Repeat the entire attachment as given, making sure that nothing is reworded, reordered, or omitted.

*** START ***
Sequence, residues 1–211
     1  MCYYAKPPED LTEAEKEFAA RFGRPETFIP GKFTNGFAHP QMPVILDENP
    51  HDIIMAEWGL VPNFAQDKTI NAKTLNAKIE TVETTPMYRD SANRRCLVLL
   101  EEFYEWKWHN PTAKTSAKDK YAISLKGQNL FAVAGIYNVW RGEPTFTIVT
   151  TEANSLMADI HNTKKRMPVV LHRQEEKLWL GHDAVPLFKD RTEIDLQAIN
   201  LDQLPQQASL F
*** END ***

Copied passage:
Sequence, residues 1–211
     1  MCYYAKPPED LTEAEKEFAA RFGRPETFIP GKFTNGFAHP QMPVILDENP
    51  HDIIMAEWGL VPNFAQDKTI NAKTLNAKIE TVETTPMYRD SANRRCLVLL
   101  EEFYEWKWHN PTAKTSAKDK YAISLKGQNL FAVAGIYNVW RGEPTFTIVT
   151  TEANSLMADI HNTKKRMPVV LHRQEEKLWL GHDAVPLFKD RTEIDLQAIN
   201  LDQLPQQASL F